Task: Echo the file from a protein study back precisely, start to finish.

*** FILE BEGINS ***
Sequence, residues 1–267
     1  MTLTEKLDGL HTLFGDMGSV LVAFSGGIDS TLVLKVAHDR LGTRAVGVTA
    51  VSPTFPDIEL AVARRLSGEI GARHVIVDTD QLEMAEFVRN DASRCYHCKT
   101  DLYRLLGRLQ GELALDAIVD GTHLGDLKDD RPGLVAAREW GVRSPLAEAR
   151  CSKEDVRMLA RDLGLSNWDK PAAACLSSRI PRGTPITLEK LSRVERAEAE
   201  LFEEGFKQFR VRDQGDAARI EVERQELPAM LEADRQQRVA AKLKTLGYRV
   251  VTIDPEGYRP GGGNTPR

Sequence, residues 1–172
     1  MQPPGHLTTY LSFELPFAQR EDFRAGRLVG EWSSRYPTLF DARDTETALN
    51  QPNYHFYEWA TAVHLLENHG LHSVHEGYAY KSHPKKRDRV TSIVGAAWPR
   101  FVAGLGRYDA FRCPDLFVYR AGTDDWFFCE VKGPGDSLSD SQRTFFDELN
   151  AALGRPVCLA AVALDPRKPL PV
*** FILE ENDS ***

Sequence, residues 1–267
     1  MTLTEKLDGL HTLFGDMGSV LVAFSGGIDS TLVLKVAHDR LGTRAVGVTA
    51  VSPTFPDIEL AVARRLSGEI GARHVIVDTD QLEMAEFVRN DASRCYHCKT
   101  DLYRLLGRLQ GELALDAIVD GTHLGDLKDD RPGLVAAREW GVRSPLAEAR
   151  CSKEDVRMLA RDLGLSNWDK PAAACLSSRI PRGTPITLEK LSRVERAEAE
   201  LFEEGFKQFR VRDQGDAARI EVERQELPAM LEADRQQRVA AKLKTLGYRV
   251  VTIDPEGYRP GGGNTPR

Sequence, residues 1–172
     1  MQPPGHLTTY LSFELPFAQR EDFRAGRLVG EWSSRYPTLF DARDTETALN
    51  QPNYHFYEWA TAVHLLENHG LHSVHEGYAY KSHPKKRDRV TSIVGAAWPR
   101  FVAGLGRYDA FRCPDLFVYR AGTDDWFFCE VKGPGDSLSD SQRTFFDELN
   151  AALGRPVCLA AVALDPRKPL PV